The FAA recently gave a pair of retired U.S. Marine Corps F/A–18 pilots permission to offer advanced training to certificated pilots in Italian-made jet trainers, with a syllabus crafted to wrap horsepower and thrills around a solid grounding in safety and risk management.
Chris Koelzer and Tom Paquin both flew combat missions in carrier-based F/A–18 Hornets, and met while serving in a Texas-based reserve unit about 10 years ago. Koelzer said, in a telephone interview, that the pair’s shared goal is to impart the disciplined approach to aviation they learned in the military to civilian pilots. Paquin, after a successful venture into post-military business life in the biofuels industry, acquired a vintage North American T–6 Texan (an SNJ version built for the U.S. Navy) and began offering advanced training. Now, Victory Aviation Company LLC has stepped up the horsepower, acquiring a pair of SIAI-Marchetti S.211 jets and securing FAA approval (a letter of deviation authority, or LODA) that allows them to offer flight training in these rare Italian birds, ranging from basic familiarization to formation flying, upset recovery, and military-style, scenario-based training.
“We want to offer jet flying and just kind of help people take their flying to the next level,” Koelzer said. “All of the philosophical and attitude things you need to be a safe (aviator).”
Based in Denton, Texas, but willing to travel (the S.211 has a range of about 600 nautical miles), Koelzer has begun talking with corporate flight departments and networking at National Business Aviation Association events to drum up interest in using the jets that served as trainers for the air forces of Singapore and the Philippines as advanced trainers for pilots of Cessna Citations and similar models.
“I think we can put together a training program to match any pilot experience level,” Koelzer said. And while jet time tends to be pricey, the pair are offering an introductory rate in 2018 of $2,250 per hour, a $250 discount that will also be offered for block-time purchases in 2019 and beyond. Koelzer said that for those interested in learning the fine points of formation flying, the second jet will also likely be offered at a favorable rate.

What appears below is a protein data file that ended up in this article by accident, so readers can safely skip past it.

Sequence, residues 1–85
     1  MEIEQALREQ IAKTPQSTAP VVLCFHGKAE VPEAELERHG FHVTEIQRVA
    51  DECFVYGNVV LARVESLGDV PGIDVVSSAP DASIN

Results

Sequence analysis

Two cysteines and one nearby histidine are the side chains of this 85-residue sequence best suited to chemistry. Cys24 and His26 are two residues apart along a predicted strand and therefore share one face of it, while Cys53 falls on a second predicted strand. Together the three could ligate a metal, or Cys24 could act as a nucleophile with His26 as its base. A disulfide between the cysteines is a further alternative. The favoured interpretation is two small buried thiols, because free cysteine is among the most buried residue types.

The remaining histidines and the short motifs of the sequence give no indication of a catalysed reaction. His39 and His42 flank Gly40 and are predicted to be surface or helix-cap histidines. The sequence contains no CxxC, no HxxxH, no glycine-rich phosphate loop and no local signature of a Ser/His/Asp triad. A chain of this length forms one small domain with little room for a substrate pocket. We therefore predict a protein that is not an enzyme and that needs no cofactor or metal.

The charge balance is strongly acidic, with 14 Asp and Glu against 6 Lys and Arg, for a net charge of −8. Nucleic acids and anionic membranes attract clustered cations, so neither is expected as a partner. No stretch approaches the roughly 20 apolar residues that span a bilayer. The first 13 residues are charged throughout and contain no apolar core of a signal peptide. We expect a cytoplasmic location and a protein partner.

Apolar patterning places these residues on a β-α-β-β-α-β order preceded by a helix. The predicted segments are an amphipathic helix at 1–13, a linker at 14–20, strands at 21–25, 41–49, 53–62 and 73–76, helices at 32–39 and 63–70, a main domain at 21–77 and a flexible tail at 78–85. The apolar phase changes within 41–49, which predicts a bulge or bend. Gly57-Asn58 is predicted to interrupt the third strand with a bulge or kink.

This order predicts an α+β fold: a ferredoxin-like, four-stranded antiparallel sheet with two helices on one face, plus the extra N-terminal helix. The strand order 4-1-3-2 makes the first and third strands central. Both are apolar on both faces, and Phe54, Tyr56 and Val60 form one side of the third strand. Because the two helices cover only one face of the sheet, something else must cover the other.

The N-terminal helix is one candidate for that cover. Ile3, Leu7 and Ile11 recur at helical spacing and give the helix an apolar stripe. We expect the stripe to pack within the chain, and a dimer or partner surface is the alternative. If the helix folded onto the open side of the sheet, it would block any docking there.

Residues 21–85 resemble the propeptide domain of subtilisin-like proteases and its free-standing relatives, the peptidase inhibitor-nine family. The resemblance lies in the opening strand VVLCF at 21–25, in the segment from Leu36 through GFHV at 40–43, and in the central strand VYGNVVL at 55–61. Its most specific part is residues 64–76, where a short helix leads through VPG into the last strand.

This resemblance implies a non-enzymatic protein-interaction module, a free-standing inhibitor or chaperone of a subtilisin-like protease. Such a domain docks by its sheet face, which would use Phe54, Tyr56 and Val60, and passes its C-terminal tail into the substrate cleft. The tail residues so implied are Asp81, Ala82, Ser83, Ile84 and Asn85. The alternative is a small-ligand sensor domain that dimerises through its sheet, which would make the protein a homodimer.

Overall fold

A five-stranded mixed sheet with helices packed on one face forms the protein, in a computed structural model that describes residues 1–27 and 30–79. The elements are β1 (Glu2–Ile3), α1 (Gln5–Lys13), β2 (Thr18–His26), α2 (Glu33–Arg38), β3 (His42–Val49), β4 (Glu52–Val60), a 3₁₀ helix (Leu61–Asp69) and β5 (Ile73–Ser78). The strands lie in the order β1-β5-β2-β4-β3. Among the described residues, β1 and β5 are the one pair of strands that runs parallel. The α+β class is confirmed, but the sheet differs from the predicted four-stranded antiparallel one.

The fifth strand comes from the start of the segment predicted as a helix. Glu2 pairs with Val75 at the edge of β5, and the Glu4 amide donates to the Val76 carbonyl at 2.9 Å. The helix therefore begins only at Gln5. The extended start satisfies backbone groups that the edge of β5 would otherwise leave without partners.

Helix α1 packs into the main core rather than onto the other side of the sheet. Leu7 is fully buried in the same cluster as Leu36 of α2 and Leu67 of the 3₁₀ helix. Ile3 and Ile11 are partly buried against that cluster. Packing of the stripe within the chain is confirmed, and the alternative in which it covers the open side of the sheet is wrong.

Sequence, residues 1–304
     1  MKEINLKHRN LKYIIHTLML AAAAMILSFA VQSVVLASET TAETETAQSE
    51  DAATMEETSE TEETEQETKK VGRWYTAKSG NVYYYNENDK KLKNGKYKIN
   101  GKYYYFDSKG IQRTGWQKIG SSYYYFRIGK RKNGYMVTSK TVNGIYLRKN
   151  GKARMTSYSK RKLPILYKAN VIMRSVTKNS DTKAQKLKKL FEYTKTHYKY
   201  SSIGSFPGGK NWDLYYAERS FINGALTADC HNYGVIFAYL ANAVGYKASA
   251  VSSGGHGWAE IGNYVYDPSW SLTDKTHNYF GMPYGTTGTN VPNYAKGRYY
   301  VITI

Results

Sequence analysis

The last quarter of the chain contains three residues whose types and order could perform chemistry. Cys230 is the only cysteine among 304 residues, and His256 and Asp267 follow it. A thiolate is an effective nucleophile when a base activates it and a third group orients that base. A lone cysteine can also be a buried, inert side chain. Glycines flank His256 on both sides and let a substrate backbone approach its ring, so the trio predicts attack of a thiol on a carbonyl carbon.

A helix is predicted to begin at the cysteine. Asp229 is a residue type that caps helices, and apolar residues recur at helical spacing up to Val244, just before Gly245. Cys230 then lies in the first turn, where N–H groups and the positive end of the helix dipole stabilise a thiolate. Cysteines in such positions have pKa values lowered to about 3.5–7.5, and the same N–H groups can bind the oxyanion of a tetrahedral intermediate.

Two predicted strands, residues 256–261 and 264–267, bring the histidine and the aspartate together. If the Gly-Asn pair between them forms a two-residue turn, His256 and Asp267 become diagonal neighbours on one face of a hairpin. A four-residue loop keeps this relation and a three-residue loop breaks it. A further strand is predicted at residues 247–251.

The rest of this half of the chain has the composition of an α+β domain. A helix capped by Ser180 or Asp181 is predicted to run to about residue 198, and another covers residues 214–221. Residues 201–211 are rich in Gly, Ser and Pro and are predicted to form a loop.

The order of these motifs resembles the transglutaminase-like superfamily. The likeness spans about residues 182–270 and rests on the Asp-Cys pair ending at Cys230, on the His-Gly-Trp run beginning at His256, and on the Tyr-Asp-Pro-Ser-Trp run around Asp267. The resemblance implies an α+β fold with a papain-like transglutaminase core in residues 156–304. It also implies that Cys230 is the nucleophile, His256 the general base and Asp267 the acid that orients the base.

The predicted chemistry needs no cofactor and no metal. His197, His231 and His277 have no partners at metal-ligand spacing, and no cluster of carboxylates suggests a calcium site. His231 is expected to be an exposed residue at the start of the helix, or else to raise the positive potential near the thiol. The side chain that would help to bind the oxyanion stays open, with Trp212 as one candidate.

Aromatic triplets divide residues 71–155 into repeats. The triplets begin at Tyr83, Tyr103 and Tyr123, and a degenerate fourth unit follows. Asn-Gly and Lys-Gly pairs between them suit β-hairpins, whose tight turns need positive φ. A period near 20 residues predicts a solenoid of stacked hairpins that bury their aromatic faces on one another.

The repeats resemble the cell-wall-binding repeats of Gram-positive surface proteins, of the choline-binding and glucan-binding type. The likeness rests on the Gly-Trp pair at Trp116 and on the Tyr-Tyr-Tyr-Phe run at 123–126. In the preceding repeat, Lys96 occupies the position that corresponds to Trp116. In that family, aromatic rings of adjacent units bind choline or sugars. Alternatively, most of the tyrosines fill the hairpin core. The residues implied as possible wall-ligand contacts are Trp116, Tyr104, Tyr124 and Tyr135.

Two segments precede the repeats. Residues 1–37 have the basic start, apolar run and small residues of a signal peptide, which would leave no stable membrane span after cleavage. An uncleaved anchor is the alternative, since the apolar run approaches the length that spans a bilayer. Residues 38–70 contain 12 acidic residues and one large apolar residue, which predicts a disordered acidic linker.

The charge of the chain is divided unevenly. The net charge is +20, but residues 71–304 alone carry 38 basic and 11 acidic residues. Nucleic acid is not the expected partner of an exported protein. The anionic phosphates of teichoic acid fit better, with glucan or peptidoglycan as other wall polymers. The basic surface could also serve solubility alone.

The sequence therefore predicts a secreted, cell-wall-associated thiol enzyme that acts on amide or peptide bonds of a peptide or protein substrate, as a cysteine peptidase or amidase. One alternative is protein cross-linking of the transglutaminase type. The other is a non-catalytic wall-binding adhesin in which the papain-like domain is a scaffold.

“I will say that Tom as the owner of this whole lash-up… he would love to just go out there and fly,” Koelzer said, noting that Paquin has already logged about 120 hours in the S.211 in the past year.
A standard 60-minute training sortie is time enough for basic familiarization (including a hefty helping of ground school for piston pilots not used to turbine aircraft), including stalls, aerobatic maneuvers, and a few unusual attitudes, and no small amount of fun. Koelzer said the S.211, despite sporting a lot less horsepower than the F/A–18, has hydraulically boosted ailerons and highly responsive handling characteristics to go with a 4,200 fpm climb rate.
“It’s way more forgiving to fly, and easy to fly, than a Hornet,” Koelzer said, noting that one customer, a Van’s RV–6 owner, managed to land the S.211 on the first try.
For those with ambition to buy one of the 13 other S.211s currently in the United States, or those who want to earn the authorization to fly this experimental turbine aircraft on their own, the basic prerequisites for the experimental aircraft authorization for their pilot certificate include 1,000 hours of total time and 500 hours of pilot-in-command time, along with the high-altitude and complex aircraft endorsements. Koelzer said that a pilot with those basic qualifications but no previous turbine experience could be expected to complete the qualification within about 10 hours, more or less.
“It might be a $20,000 proposition,” Koelzer said.
Given the relative rarity of the S.211, Koelzer expects that upset recovery training will be their most popular option. One customer, he noted, owns an L–39 Albatros, and pronounced the S.211 a good-looking alternative with a fit and finish that’s less utilitarian. One of the two Victory Aviation S.211s has been retrofitted with a Garmin panel, by the way.